Business plan

A document that typically identifies a company’s target customers and describes the products and services the company will offer. It also includes a detailed description of the market potential and competitors, as well as financial projections and marketing, production and human resources strategies.

Cash flow

Measures how much cash a company takes in versus how much it expends. More cash coming in than going out means the cash flow is positive. If the opposite is true, the cash flow is negative.

Cash flow statement

A document showing the company’s cash flow over a period of time (months or years).

Cash ratio

Also called quick ratio or acid test ratio.

A financial ratio indicating a company’s ability to pay immediate creditor demands, using its most liquid assets (cash or assets that are easily converted into cash), also called quick assets. It’s similar to the working capital ratio, except that it does not include inventory and prepaid items for which cash cannot be obtained immediately.

Collateral

The different kinds of assets that borrowers pledge as security for a loan.

Costs of goods sold

Costs that are a direct result of producing the product or providing a service, such as materials, direct labour and utilities.

Current assets

Assets that can be converted into cash within the next 12 months or operating cycle, such as inventory and accounts receivable.

Current liabilities

A company’s financial obligations that are due over the next 12 months or operating cycle, such as short-term debt and accounts payable.

Debt service coverage ratio

A financial ratio measuring a business’s capacity to generate adequate earning to repay its debt. It’s typically calculated by dividing the business’s operating profit before interest and depreciation by the annual principal and interest payments on its debt.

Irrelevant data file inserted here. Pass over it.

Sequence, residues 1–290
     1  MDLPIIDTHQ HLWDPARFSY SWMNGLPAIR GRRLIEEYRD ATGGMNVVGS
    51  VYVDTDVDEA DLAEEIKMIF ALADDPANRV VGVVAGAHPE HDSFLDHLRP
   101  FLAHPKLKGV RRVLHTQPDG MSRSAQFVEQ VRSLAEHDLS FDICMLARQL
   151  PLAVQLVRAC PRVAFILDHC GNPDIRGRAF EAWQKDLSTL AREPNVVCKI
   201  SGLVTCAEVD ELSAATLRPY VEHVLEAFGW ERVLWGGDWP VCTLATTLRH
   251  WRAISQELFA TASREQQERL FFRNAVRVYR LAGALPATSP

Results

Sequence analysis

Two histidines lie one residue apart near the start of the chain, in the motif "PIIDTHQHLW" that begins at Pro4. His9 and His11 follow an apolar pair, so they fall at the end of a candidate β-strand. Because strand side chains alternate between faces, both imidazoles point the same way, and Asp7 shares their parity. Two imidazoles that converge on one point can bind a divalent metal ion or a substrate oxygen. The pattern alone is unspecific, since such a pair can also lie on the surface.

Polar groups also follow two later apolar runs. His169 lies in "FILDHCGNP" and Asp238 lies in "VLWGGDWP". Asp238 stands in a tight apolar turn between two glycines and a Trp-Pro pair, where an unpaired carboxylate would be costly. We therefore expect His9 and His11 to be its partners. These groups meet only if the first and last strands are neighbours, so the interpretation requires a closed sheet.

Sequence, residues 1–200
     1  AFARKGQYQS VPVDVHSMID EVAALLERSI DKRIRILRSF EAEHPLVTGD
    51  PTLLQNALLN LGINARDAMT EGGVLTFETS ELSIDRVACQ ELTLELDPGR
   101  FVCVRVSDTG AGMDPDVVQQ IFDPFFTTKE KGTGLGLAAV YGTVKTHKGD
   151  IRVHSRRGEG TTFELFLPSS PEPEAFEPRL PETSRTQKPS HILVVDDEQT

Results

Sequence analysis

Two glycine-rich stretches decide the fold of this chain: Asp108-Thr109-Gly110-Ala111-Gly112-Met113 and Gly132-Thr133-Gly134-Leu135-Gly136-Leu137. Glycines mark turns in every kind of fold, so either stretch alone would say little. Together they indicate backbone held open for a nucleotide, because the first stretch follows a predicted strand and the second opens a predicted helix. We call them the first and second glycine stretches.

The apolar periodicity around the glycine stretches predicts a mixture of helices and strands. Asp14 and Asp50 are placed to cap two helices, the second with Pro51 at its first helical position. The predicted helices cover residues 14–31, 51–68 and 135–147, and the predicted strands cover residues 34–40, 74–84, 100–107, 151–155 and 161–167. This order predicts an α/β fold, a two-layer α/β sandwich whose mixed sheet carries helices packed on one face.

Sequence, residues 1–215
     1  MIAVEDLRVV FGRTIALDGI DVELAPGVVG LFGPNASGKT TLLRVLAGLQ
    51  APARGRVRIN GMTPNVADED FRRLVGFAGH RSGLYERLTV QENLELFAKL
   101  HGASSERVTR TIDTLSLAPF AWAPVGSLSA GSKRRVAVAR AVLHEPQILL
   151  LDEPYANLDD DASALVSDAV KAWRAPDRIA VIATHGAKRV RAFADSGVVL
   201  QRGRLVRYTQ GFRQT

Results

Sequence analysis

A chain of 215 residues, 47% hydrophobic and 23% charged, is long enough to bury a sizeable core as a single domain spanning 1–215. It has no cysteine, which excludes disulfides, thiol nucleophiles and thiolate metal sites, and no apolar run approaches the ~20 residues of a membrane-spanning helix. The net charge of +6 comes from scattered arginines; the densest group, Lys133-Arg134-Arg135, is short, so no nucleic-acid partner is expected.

Debt-to-asset ratio

A financial ratio showing the percentage of a company’s assets financed by creditors. A high ratio indicates a substantial dependence on debt and could be a sign of financial weakness.

Debt-to-equity ratio

A financial ratio measuring how much debt a business is carrying as compared to the amount invested by its owners. This indicator is closely watched by bankers as a measure of a business’s capacity to repay its debts.

Default

Failure to repay a loan when term is due or failure to respect other conditions in the Loan Agreement that are defined as “incidents of default.”

Depreciation

A decrease in the value of an asset. For accounting purposes, depreciation indicates how much of a tangible asset’s value has been used up. Amortization and depreciation are often used interchangeably, but this is an incorrect practice because amortization refers to intangible assets and depreciation refers to tangible assets.

Dividends

A portion of the net profit that is distributed by a company to its shareholders.

EBITDA

Acronym for Earnings Before Interest, Taxes, Depreciation and Amortization. It’s a fairly standard indicator of a company’s general financial performance.